1 John 3:24
And he that keeps his commandments dwells in him, and he in him. And hereby we know that he stays in us…
1. In the keeping of God's commandments there is this great reward, that he that doeth so "dwelleth in God, and God in him." If this mutual indwelling is not to be mere absorption, which some dreamers in John's day held it to be; if it is not to be the swallowing up of our conscious individual personality in the infinite mind or intelligence of God; if it is to conserve the distinct relationship of God to man, the Creator to the creature, the Ruler to the subject, the Father to the child; it must be realised and must develop itself, or act itself out, through the means of authority or law on the one side, and obedience or the keeping of the commandments on the other. It is, in fact, the very consummation and crown of man's old, original relation to God — as that relation is not only restored, but perfected and gloriously fulfilled, in the new economy of grace.
2. The manner of God's abiding in us, or at least the way in which we may know that He abides in us, is specified: — "Hereby we know that He abideth in us, by the Spirit which He hath given us." We are to distinguish here between our dwelling in God and His dwelling in us. Our dwelling in God is to be known by our "keeping His commandments"; God's dwelling in us, by "the Spirit which He giveth us." And yet, the two means of knowledge are not far apart. They are not only strictly consistent with one another; they really come together in one point. For the Spirit is here said to be given to us — not in order to our knowing that God abideth in us, in the sense of His opening our spiritual eye and quickening our spiritual apprehension — but rather as the medium of our knowing it, the evidence or proof by which we know it. And how are we to recognise the Spirit as given to us? How otherwise than by recognising the fruit of the gift? The Spirit given to us is, as to His movement or operation, unseen and unfelt. But the fruit of the Spirit is palpable and patent. "It is love, joy, peace, long suffering, gentleness, goodness, faith, meekness, temperance." For "against such there is no law" (Galatians 5:22, 23).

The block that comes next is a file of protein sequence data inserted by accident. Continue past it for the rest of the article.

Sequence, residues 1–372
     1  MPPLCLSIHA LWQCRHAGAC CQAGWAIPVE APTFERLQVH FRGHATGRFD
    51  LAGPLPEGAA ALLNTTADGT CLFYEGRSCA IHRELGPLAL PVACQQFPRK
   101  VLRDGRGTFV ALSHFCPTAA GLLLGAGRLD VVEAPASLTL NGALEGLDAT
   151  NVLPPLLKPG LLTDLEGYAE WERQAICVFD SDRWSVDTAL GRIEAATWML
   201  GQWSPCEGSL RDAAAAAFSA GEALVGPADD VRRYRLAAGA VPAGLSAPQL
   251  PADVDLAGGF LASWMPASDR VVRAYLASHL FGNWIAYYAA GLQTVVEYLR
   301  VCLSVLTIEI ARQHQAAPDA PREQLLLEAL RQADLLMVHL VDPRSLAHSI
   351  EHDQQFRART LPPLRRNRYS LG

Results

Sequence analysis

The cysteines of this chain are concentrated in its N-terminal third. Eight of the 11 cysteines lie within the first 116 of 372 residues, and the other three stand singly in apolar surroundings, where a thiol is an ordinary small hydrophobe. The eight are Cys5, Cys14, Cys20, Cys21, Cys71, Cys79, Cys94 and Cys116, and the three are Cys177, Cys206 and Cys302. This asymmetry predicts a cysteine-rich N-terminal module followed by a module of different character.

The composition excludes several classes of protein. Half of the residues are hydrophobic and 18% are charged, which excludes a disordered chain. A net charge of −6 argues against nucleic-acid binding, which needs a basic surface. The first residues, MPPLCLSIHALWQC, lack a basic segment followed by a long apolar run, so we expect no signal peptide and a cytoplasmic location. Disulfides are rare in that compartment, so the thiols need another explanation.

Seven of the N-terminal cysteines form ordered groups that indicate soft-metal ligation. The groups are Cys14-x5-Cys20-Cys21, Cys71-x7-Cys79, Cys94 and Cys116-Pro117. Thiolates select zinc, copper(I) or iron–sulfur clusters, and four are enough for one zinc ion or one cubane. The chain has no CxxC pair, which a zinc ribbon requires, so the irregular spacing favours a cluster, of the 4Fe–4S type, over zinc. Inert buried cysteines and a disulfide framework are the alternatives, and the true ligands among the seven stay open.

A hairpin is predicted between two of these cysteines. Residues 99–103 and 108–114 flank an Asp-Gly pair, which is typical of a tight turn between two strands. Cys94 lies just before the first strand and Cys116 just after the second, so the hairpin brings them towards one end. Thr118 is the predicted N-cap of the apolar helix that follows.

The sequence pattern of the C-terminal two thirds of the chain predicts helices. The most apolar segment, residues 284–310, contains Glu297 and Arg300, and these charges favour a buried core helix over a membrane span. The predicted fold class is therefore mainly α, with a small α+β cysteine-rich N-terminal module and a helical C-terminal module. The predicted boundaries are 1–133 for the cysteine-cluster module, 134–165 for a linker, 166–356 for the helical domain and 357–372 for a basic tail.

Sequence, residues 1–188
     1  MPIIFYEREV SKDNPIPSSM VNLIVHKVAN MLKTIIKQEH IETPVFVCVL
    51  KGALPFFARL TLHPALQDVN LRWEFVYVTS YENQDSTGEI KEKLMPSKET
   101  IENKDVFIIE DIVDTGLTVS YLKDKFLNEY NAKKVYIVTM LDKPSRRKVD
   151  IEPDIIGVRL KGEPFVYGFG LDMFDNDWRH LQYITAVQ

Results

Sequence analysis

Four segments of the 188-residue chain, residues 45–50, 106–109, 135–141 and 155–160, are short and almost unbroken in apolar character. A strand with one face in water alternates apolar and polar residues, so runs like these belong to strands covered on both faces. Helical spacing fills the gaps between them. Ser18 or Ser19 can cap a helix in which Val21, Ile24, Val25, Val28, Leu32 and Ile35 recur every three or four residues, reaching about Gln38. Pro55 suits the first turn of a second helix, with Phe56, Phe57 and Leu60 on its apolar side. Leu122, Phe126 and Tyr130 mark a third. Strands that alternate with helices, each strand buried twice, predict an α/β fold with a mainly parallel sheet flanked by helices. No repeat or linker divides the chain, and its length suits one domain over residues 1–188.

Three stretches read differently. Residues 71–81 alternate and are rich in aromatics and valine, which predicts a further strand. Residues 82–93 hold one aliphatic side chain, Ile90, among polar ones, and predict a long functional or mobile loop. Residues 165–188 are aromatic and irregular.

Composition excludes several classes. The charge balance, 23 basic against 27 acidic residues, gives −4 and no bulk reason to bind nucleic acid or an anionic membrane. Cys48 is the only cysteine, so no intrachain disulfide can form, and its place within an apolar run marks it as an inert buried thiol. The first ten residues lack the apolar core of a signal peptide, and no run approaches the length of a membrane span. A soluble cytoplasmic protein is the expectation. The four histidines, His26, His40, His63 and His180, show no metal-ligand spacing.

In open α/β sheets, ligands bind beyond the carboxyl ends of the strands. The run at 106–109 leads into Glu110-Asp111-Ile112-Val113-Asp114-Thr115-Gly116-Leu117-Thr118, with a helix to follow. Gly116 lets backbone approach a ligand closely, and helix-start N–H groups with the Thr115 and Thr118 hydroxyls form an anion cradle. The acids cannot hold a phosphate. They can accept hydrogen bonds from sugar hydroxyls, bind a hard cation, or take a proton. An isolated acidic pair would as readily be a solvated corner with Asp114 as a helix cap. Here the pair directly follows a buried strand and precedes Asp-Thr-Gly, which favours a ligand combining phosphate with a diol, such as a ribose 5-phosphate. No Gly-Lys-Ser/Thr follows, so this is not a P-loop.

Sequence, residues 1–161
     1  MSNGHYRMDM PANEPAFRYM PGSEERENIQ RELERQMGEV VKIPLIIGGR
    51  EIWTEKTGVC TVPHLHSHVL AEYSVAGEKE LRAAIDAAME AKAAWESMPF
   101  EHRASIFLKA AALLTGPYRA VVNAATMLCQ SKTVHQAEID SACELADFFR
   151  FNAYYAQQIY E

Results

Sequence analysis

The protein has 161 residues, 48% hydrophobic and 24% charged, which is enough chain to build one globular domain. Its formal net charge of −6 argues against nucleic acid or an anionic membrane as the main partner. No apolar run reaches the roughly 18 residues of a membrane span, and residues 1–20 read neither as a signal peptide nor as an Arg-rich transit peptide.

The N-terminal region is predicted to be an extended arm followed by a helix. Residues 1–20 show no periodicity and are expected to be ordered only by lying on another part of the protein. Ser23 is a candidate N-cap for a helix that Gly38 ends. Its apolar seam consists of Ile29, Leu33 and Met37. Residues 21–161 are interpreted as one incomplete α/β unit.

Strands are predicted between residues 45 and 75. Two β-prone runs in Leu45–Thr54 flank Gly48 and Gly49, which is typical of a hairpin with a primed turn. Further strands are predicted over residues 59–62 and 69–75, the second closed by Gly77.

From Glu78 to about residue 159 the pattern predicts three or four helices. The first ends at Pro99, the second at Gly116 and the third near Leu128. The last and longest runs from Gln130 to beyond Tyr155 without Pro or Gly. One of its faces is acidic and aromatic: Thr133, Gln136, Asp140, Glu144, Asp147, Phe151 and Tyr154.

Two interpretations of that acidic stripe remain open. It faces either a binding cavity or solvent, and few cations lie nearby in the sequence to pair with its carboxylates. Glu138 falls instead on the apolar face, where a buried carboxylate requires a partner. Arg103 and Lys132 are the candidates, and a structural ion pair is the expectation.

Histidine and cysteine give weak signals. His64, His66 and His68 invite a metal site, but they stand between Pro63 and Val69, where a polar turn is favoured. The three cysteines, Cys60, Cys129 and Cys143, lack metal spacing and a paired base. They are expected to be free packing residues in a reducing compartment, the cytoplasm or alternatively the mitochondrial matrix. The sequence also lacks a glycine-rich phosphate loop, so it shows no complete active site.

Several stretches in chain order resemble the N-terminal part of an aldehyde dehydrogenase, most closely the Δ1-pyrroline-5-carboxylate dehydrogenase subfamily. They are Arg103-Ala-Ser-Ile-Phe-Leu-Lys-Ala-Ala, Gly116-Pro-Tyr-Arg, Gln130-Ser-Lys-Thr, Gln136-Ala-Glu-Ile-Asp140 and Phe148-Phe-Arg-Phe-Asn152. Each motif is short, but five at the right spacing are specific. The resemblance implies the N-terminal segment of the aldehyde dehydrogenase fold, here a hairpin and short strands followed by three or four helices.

3. From all this it follows that the counsel or warning, "Believe not every spirit, but try the spirits whether they be of God" (1 John 4:1), is as needful for us as it was for those to whom John wrote. We may think that it is the Spirit of God whom we are receiving into our hearts and cherishing there, when it may really be another spirit altogether — one of the many spirits inspiring the "many false prophets that are gone out into the world." Therefore we must "try the spirits."
(R. S. Candlish, D. D.)
Parallel VersesKJV: And he that keepeth his commandments dwelleth in him, and he in him. And hereby we know that he abideth in us, by the Spirit which he hath given us.